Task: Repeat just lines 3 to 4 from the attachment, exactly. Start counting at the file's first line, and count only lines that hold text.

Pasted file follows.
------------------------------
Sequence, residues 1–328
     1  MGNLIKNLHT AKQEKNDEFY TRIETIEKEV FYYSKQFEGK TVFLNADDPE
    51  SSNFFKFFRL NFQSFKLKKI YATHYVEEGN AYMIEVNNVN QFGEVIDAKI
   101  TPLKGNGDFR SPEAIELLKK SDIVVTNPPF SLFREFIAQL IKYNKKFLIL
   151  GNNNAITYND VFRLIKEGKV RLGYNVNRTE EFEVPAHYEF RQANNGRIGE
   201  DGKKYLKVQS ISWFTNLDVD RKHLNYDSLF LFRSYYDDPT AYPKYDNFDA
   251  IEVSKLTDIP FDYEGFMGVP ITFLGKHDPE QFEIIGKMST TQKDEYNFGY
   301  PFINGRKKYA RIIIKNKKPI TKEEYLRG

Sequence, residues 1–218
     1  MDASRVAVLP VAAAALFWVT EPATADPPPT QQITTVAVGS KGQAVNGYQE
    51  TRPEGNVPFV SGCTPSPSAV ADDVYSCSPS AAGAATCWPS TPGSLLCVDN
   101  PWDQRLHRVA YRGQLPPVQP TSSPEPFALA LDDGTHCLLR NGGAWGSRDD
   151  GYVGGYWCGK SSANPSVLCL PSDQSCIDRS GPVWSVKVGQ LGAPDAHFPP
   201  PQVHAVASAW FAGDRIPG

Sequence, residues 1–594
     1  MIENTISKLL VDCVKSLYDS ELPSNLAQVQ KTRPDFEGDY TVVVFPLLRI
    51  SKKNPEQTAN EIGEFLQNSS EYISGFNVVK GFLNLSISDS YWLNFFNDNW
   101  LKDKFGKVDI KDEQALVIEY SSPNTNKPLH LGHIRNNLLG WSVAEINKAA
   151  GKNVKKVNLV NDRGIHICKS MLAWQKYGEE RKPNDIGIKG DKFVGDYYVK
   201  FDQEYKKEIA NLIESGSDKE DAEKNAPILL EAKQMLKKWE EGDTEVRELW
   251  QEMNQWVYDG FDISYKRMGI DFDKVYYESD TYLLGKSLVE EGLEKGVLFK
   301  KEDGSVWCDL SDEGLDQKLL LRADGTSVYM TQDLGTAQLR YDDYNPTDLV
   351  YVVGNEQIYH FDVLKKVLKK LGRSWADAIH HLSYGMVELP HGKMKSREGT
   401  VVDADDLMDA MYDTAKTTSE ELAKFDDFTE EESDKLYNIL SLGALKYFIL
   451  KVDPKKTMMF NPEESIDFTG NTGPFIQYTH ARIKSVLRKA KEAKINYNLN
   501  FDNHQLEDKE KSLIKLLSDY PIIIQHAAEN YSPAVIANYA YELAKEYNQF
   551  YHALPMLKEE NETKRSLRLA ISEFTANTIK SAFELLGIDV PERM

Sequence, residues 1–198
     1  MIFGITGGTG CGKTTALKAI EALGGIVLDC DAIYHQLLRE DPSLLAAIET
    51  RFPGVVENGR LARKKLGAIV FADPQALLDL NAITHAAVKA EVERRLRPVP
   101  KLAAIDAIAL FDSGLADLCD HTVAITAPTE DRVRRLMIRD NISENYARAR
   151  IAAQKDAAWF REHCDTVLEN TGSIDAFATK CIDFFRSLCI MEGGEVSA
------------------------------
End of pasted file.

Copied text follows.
    51  SSNFFKFFRL NFQSFKLKKI YATHYVEEGN AYMIEVNNVN QFGEVIDAKI
   101  TPLKGNGDFR SPEAIELLKK SDIVVTNPPF SLFREFIAQL IKYNKKFLIL